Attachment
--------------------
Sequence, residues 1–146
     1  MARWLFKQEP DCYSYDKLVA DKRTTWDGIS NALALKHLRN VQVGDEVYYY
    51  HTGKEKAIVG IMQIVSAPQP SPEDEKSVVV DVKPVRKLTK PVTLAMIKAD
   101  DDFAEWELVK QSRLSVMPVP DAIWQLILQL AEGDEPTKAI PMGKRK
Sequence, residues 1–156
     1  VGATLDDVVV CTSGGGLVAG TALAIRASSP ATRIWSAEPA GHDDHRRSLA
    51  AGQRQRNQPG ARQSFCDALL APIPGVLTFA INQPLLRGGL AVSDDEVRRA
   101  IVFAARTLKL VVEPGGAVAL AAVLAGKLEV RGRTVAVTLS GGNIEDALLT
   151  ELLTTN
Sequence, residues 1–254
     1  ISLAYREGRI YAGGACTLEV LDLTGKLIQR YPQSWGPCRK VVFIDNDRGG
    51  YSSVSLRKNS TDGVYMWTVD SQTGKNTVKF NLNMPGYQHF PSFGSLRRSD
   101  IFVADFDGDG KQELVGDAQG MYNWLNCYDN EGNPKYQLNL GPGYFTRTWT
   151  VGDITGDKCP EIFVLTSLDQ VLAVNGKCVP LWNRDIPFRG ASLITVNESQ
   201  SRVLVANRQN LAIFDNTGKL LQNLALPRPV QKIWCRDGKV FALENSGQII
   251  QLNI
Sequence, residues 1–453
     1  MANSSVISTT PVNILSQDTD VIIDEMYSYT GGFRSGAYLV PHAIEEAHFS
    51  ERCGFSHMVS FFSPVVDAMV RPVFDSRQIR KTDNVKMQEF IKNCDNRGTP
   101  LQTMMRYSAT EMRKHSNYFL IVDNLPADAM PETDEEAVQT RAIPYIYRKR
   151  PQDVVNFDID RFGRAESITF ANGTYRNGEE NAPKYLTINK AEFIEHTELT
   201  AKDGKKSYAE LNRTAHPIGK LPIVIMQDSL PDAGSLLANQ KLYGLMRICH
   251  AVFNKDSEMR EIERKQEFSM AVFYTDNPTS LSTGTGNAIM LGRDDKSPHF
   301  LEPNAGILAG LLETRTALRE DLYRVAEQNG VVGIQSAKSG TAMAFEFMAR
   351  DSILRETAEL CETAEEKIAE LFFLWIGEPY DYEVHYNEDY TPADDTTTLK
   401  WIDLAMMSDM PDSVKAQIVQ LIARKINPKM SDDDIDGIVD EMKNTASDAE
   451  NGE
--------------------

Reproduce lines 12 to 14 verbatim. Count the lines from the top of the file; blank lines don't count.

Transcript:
    51  YSSVSLRKNS TDGVYMWTVD SQTGKNTVKF NLNMPGYQHF PSFGSLRRSD
   101  IFVADFDGDG KQELVGDAQG MYNWLNCYDN EGNPKYQLNL GPGYFTRTWT
   151  VGDITGDKCP EIFVLTSLDQ VLAVNGKCVP LWNRDIPFRG ASLITVNESQ